During the 1980’s Congress, under pressure from President Reagan, passed a series of tax rate cuts. Tendentious professors of history typically refer to the Reagan era tax acts as “tax cuts,” rather than “tax rate cuts,” implying that they caused a loss of government revenue. The half of history that you won’t learn in college is that the rate cuts of this era did not reduce government revenues at all. A spreadsheet of revenues and spending is available from the Congressional Budget Office, and the objective truth is that government revenues went up, not down, during Reagan’s presidency.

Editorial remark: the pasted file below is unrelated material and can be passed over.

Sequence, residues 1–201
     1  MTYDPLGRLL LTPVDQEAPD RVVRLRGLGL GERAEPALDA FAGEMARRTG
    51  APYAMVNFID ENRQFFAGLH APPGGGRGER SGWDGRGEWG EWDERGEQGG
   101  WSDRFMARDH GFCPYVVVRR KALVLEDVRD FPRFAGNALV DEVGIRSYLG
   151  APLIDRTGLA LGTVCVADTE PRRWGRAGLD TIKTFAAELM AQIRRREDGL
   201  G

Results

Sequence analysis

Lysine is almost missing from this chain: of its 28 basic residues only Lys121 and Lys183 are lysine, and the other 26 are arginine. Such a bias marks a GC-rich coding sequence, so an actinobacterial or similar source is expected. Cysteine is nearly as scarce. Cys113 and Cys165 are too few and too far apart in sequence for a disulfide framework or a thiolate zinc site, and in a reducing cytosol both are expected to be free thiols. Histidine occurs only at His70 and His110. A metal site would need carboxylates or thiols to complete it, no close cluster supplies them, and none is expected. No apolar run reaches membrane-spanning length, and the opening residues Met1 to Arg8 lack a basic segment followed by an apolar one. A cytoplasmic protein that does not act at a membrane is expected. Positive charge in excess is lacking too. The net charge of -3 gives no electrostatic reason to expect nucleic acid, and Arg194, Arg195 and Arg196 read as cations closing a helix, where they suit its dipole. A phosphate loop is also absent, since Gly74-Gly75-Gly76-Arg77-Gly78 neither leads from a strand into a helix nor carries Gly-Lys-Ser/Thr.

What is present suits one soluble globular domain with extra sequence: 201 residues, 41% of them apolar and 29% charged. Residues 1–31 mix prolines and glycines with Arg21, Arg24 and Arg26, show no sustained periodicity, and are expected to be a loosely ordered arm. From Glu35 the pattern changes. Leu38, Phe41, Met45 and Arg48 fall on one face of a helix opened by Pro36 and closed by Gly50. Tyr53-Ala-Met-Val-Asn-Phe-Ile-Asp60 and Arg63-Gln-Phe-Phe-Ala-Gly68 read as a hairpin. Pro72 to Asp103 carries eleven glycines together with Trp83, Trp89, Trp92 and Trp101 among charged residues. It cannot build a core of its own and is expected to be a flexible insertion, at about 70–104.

A typical university textbook describes the rate cuts this way: “By 1986 a series of tax cuts had benefited the wealthy by reducing top personal income tax rates to 28 percent and lowering capital gains, inheritance, and gift taxes. To compensate for the lost revenue, Reagan proposed massive spending cuts.”